Mafia III isn’t going to sensationalise racism

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Back in August, 2K Games revealed a new Mafia game. A third chapter in the series, with a radically different setting. No more New York streets and playing as the Sicilian heir to a criminal empire built on blood and crime.

This time, players get to step into the shoes of Lincoln Clay, who happens to be about as Italian as a Fendi handbag bought at a Chinese flea-market. But despite the change of protagonist and the new the scenic locale of New Orleans, developer Hangar 13 is insistent on Mafia III being a “true” Mafia game that doesn’t ignore the events of Mafia II and will in fact bring closure to that first sequel when it ties up a few dangling plot threads.

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“At the end of the day, you’re going to feel like this is a true Mafia experience and a true Mafia story,” creative director Haden Blackman said to Game Informer via GameSpot.

People are worried that we are just ignoring Mafia II, and that couldn’t be farther from the truth. From a narrative standpoint, we are absolutely committed to making sure a lot of your questions about Mafia II are answered in Mafia III.

Mafia III’s lead, Lincoln Clay, happens to be a mixed-race man, who grew up as an orphan, fought for his country in the Vietnam War and came back home to work for the black mob of Louisiana.

Things take a turn for the worse when the leader of that mob, Sammy Washington, runs afoul of Mafia boss Sam Marcano from the previous Mafia games, and winds up dead with the rest of his crew. Naturally, Lincoln Clay wants revenge on the Italians. The sad fact is, he has to embark on a vengeance quest in one of the most turbulent racial times and locations in American history, Louisiana in 1968.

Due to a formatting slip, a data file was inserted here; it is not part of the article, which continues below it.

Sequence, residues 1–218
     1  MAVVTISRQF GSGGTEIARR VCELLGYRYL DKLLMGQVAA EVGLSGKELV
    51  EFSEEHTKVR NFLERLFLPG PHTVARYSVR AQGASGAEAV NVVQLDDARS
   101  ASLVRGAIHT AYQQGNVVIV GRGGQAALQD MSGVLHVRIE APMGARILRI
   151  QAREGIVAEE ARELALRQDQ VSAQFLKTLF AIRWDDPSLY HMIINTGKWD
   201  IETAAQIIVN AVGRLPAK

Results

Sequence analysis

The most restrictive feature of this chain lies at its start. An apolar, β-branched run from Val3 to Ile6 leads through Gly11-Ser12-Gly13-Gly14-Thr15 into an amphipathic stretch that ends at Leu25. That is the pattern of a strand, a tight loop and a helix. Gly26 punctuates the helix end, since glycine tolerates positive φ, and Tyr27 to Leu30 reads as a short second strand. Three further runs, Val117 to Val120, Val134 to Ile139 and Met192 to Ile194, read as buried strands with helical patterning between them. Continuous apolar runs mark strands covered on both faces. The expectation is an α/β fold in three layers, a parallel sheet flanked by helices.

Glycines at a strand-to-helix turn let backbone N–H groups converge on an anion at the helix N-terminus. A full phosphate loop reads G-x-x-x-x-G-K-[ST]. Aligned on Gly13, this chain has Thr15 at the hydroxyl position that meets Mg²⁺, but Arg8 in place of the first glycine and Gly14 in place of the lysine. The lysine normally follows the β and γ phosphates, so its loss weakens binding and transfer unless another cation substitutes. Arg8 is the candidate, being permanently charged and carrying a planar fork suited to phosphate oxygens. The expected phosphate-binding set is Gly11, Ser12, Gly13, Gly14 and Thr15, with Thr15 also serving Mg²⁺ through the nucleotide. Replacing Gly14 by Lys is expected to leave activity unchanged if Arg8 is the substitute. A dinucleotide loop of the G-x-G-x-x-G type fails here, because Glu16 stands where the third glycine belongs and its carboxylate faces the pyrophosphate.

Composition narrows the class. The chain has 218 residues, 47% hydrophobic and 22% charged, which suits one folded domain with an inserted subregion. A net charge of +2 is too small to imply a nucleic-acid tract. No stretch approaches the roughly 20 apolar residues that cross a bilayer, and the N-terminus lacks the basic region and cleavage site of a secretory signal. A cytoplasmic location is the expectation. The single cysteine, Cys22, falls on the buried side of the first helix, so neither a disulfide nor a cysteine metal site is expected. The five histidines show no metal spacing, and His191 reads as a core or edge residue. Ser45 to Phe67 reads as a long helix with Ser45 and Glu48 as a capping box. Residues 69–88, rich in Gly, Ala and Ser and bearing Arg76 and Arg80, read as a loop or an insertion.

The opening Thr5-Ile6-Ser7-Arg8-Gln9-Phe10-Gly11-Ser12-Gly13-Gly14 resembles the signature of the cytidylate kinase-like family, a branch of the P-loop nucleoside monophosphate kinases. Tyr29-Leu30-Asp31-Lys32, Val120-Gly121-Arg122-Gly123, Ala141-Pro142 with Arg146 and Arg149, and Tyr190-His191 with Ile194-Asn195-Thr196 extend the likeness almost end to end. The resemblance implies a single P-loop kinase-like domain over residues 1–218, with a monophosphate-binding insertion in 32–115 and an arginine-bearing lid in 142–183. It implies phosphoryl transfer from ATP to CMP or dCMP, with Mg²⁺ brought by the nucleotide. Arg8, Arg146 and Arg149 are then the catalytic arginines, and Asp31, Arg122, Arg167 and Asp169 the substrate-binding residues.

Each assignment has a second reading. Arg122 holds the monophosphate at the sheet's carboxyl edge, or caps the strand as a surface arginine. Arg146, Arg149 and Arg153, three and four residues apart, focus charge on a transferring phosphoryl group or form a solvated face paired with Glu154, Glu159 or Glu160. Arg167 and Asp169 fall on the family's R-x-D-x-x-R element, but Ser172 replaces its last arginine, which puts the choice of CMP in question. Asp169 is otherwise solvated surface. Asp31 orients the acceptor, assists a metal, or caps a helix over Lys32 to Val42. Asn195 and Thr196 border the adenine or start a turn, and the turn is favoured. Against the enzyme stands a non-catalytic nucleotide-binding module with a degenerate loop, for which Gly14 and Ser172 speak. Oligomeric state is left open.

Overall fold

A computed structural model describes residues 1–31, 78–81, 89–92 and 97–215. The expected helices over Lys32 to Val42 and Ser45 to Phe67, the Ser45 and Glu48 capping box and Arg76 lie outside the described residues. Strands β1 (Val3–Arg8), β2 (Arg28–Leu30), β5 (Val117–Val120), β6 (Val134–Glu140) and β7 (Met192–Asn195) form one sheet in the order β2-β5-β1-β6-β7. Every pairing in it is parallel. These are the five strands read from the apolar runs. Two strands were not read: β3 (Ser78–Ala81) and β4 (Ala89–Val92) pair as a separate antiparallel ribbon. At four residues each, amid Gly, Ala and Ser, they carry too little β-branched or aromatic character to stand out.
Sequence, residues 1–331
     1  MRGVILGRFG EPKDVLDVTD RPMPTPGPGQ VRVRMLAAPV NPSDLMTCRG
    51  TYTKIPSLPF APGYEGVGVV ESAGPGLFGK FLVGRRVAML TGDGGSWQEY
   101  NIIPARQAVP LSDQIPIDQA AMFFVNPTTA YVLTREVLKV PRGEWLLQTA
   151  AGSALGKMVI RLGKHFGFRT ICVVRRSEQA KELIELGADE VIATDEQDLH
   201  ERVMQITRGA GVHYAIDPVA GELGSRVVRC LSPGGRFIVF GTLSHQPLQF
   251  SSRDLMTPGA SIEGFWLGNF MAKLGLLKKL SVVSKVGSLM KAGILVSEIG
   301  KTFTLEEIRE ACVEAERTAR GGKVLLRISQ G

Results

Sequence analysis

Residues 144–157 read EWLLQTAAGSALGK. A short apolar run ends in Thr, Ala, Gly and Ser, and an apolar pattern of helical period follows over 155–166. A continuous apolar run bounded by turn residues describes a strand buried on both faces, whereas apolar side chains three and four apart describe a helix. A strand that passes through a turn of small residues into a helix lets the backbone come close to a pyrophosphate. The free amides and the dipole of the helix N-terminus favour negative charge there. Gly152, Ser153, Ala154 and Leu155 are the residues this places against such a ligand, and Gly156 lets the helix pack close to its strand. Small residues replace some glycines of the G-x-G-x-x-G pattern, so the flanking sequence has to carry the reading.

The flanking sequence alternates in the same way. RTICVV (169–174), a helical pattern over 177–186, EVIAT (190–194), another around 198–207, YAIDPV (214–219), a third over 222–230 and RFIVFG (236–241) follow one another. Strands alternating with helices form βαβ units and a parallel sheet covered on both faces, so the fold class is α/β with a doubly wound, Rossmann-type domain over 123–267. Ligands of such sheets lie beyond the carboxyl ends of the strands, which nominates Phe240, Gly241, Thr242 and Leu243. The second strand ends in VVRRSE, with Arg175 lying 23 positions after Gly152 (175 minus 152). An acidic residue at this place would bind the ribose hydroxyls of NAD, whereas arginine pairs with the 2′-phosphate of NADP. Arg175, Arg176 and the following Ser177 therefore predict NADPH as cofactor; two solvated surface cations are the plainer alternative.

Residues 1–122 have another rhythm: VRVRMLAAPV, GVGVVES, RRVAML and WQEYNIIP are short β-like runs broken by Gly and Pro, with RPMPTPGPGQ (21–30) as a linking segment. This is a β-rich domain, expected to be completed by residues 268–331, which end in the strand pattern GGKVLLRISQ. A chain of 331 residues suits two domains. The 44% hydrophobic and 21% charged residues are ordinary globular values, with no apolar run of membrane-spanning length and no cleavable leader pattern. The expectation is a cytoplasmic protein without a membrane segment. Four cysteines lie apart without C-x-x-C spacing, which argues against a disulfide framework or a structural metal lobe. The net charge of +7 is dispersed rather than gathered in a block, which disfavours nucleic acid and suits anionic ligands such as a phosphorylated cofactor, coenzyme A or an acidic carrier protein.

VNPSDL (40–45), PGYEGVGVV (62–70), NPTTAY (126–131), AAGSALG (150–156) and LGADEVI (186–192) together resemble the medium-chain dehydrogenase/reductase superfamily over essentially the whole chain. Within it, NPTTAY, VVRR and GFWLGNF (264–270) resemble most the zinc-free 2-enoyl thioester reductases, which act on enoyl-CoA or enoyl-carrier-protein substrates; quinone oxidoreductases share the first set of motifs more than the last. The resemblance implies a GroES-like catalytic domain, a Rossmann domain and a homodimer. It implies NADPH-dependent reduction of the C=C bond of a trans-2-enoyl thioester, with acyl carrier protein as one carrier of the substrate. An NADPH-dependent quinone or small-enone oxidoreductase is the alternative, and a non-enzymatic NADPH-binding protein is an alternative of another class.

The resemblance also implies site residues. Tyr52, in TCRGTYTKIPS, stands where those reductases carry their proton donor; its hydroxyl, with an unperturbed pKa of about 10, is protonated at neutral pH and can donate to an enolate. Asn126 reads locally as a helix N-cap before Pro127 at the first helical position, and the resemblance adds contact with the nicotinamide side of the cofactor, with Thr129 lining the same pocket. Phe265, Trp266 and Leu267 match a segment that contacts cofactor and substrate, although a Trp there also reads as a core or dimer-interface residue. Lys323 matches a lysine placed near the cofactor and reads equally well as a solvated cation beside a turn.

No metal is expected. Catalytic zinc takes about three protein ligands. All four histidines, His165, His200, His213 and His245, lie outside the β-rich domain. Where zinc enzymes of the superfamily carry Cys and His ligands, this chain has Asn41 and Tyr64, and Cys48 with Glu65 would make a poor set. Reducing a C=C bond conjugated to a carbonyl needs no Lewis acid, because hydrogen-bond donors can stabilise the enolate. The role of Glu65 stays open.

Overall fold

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And that’s going to reflect on the world around him, as Clay will be subject to all manner of hate speech, with cops regularly throwing slurs at him.

“The police definitely reflect the times,” lead writer William Harms said.

Design director Matthias Worch also added to that, saying “this is 1968 in the Deep South; the cops are going to come down on you like a hammer.” But as Worch explained, it’s not racism for the sake of sensation. This was a very real and terrible bigoted time in US history:

We are not trying to be sensational. But thought-provoking is something that art is. All good art makes you think and stays with you. If we can be thought-provoking in some way without being overly provocative, then I think we’ve done our job.

Clay’s lineage also comes into play here, because as the orphan of a mixed-race marriage, he fits in with neither black nor white cultures. And according to Blackman, that serves to further emphasise just how much Clay is an orphan of the world.

“We wanted to continue to develop the sense that Lincoln really wrestles with any sense of belonging and doesn’t really fit in anywhere,” Blackman said.

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For all intents and purposes, he’s treated black by the majority of the city, but even when he’s working with the black mob there’s still a little bit of this, ‘Do I belong here?’ Lincoln is this guy who’s a complete outsider.

Racism is never easy to translate to video games. There’s a massively fine line between using it to highlight social injustices, and being downright shocking and tacky. It’s something that hits home here, with our own terrible past and Apartheid history being an ugly reflection of such events.

But when it’s done right, racism can be more than just pure shock value. It can be a historical wake-up call.

Last Updated: October 7, 2015

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